Fall Cleaning is the New Black
Making sure you have everything cleaned and prepared for winter is one of the best ways to start your new winter in your first home. This includes painting anything that needs to be touched up (like the baseboards by the front door), as well as steam cleaning and replacing any dingy carpets. It’s best to do this early in the fall while the weather is still nice enough to have the windows open - it makes it much easier to vent any fumes.
You will also want to check the air flow and vents in your home to make sure there are no issues or built-up dust. This includes your HVAC, vents, room fans, dryer vents, and baseboard heaters - clean them all so you won’t have to get in there during the winter. Also, you will want to make sure your HVAC unit is professionally and thoroughly inspected; find a well-reviewed service, as any issues with the unit can and will be extremely costly to fix. Make sure to switch out your air filters as well - find the right size for your unit, and do your research on what kind of filter would be best for your home and family.
Cleaning your windows is also a fantastic way to maximize the heat that your home receives through sunlight and the outdoor temperatures while you still can. Use a moistened microfibre cloth indoors, and a vinegar and water solution on the exteriors. You will also want to make sure your screens are in good condition, and replace them if need be. This will save you time and effort when you want to open up the windows in the spring for the beautiful warm weather.
Finally, don’t forget about your gutters! Any debris in there will just make the cold weather even worse on your gutters, and could cause costly repairs come spring time. Remove twigs, leaves, and any other offending materials, and end the process by using a garden hose to test that there are no blockages to your draining.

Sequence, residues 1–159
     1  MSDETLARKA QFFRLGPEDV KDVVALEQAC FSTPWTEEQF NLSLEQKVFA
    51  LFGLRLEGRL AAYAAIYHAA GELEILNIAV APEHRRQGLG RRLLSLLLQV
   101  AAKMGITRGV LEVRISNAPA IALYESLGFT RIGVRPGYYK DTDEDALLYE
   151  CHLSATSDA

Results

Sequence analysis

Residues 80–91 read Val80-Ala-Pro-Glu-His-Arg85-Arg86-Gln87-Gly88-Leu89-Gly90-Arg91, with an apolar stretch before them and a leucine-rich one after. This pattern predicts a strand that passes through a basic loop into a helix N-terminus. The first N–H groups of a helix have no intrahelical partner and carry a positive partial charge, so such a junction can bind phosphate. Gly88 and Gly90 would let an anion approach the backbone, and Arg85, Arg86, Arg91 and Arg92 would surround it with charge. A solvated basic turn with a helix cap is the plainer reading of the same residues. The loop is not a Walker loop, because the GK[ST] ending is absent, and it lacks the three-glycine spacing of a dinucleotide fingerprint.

Preventing Costly Fixes
As important as it is to ensure your home is clean and prepared for winter, it is also a top priority to make sure that your smoke alarms, carbon monoxide detectors, and pipes are prepared for anything that could happen as well. If you have a wood burning fireplace, clean out your chimney before the daily desires for a fire come up. The more often you light a fire, the more likely you are to accrue debris in the chimney that could easily start a house fire that you wouldn’t even be aware of until it is too late. Make sure to get a professional to look over your fireplace if it is your first time, and do your research to find a dependable one so that your home and family are their safest, and warmest, during the winter.
Hand-in-hand with fireplaces is checking that smoke detectors are ready for whatever the year might bring. Now is a great time to make sure you change any batteries that need to be switched out, and test all of your detectors, particularly the ones in the kitchen, living room, and bedrooms. If you have a carbon monoxide detector, you should also check these for functionality as well. Make sure to get a CO detector testing kit from wherever you purchased your detector, and check all of them out.
Finally, make sure you insulate any pipes that are in unheated areas of your home (like a basement or attic), located on the exterior of the home, or in exterior walls. Beefing up your insulation will prevent frozen pipes and flooding all through the winter.
Winter is the perfect opportunity to stay cuddled up in your new home with a good book, some cocoa, and your loved ones - just make sure you do your due diligence to keep the cold out!
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